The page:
Saturday, July 3, 2010

Bleeding Out

I'm not one to read my bestsellers.  It's not that I shun them.  Not even close.  It's just that a lot of what I enjoy reading never makes it to any bestseller list.

I had always been interested in Richard Preston's The Hot Zone, mainly because I have an interest in viruses and the like.  That interest never resulted in me picking up the book, though.

Last year someone left a very tattered paperback copy of the book on a table in the kitchen at work.  I snagged it and just got around to reading it.

Fucking terrifying. 

Not terrifying in the Stephen King definition, but terrifying in the "holy Hell, this stuff happens and will happen again is there is nothing I can do about it" kind of way.

Ebola Zaire is not something to mess around with under any circumstance.

I could see why this was a bestseller.  It was fast-paced, well-written and targeted a general audience.  It worked in all the ways Leonard G. Horowitz's Emerging Viruses didn't.  (And I actually enjoyed that book, which came out three years earlier than Preston's book.

One of the problems with books about viruses is that there is an almost deer-in-headlights feel you get with them.  You go into them knowing the situation is bad, but you come out of them realizing you had no idea how screwed you were.  Like magic, the wool is lifted from your eyes, and it is a very unsettling feeling.  You have to respect a book that can do that, but at the same time it is mighty frustrating.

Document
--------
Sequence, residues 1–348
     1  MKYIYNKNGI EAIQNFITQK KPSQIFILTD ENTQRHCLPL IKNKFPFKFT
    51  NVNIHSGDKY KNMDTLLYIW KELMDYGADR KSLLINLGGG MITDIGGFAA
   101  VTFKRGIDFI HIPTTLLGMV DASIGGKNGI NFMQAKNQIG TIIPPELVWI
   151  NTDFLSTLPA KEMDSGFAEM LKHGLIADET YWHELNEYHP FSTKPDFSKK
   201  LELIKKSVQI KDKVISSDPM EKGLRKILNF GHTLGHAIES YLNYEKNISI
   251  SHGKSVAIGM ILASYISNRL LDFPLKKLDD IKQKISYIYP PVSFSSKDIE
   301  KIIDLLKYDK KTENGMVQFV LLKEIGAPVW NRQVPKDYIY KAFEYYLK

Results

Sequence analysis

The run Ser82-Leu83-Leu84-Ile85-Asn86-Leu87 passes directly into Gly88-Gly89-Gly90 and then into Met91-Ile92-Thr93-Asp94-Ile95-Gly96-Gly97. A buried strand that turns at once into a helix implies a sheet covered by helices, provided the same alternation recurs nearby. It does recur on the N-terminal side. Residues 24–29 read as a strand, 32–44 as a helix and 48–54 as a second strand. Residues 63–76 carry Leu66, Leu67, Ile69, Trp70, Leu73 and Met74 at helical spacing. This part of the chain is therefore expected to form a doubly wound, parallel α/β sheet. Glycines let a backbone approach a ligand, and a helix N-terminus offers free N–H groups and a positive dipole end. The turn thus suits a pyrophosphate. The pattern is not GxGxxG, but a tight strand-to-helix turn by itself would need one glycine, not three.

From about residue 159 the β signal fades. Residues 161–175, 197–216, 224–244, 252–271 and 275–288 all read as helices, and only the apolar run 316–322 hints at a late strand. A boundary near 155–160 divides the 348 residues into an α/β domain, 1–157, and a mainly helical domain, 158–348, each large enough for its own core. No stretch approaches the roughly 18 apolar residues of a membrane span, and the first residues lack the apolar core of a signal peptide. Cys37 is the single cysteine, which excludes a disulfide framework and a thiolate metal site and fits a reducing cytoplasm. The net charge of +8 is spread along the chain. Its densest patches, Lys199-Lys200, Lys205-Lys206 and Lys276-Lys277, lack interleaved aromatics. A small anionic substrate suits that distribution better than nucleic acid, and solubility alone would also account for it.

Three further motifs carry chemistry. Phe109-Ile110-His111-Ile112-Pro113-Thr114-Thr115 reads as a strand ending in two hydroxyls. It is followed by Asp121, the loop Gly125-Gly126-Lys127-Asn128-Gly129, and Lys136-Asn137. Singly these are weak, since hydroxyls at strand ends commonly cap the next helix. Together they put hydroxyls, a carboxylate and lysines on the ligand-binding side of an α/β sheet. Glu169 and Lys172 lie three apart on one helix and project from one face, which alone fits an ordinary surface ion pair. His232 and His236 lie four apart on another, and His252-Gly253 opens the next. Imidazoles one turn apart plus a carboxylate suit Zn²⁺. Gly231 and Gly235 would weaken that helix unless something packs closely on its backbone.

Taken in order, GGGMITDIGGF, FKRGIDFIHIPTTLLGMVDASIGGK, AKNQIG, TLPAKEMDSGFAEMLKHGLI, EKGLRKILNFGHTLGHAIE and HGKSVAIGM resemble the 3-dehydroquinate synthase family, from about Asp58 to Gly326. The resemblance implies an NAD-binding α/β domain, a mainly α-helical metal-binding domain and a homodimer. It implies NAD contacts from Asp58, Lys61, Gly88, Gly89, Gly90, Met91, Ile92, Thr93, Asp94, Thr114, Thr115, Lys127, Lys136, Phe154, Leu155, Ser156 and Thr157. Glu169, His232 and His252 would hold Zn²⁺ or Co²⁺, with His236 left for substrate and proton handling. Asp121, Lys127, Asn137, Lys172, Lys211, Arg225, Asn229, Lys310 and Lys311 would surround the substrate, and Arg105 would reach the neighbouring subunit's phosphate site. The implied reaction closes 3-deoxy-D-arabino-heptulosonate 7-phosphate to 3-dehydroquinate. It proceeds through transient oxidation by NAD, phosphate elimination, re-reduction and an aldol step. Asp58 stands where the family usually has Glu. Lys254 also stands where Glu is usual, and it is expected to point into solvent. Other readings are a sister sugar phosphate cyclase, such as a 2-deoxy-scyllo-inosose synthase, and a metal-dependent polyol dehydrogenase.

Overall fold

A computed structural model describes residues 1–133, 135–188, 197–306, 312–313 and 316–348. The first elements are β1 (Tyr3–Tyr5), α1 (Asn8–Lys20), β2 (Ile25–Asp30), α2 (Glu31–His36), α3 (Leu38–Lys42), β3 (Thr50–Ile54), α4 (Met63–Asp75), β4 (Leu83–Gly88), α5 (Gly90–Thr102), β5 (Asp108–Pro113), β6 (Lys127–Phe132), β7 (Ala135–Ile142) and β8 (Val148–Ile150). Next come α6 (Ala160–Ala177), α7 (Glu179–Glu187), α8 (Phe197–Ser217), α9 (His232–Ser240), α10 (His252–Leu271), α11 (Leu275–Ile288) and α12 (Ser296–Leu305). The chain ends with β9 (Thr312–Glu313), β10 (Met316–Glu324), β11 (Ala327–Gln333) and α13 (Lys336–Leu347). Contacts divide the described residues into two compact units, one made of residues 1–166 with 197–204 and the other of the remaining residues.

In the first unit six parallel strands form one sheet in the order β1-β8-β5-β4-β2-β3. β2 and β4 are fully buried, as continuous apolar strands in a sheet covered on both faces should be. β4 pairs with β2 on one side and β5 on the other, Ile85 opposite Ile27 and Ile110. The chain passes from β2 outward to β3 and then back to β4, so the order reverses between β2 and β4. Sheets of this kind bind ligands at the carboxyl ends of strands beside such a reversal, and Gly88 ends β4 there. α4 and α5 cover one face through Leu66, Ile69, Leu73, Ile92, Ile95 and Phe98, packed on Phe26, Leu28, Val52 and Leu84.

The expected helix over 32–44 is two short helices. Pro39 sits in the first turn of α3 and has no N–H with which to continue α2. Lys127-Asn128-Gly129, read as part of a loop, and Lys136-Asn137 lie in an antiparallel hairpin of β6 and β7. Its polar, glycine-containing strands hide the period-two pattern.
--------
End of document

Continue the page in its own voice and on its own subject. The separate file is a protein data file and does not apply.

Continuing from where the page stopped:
I know there are plenty of good books on medical terrors just floating around out there.  Some are fiction, others are not.  I can read about one a year before I go crazy, though.   For the exact same reason I stopped watching ER.  I get paranoid I have or will have whatever the major malady happens to be. 

If there's a better reason to stay away from bestsellers, I'd love to know it.

1 comment:

  1. I'm pretty sure I read Emerging Viruses. I've read just about everything I could find on viruses both new and old (love books about the plague years). I think Preston, however, makes it more digestible for people who aren't already fascinated by and well-versed in the term "hemorrhagic fever." Viruses are beautiful little creatures. Something so tiny can take down entire civilizations, and has. Only nature ranks up there in such a sheer destructive power that is completely devoid of violence. Viruses kill completely by accident. They want to live. Their goal is to keep us alive as long as possible. But sometimes they just don't know their own strength. Nature, too, slaughters masses completely by accident. It's amazing. Far more astonishing than the violence humans are capable of. Human violence, for the most part, bores me. Sure, some violent criminals are fascinating in some ways, but to me, a virus or a volcano is far more powerful than piddly little men and women enacting piddly little acts of "look at me,I've got some sort of random mundane mental illness" violence.

    Ebola is particularly nasty, but also not very hearty. It doesn't survive the long haul, not like smallpox did, or the ever-romantic bubonic plague. Although the plague lost it's bite over the years, it will always be my favorite. I sound like some sort of freak. I swear I'm not hiding in my basement plotting to unleash biological horrors on the earth. I don't think my basement would support a level four lab anyway. Besides, I have far to much respect for those little bugs to mess around with them without years of training. I am, however, very jealous of those who do get to handle them on a daily basis.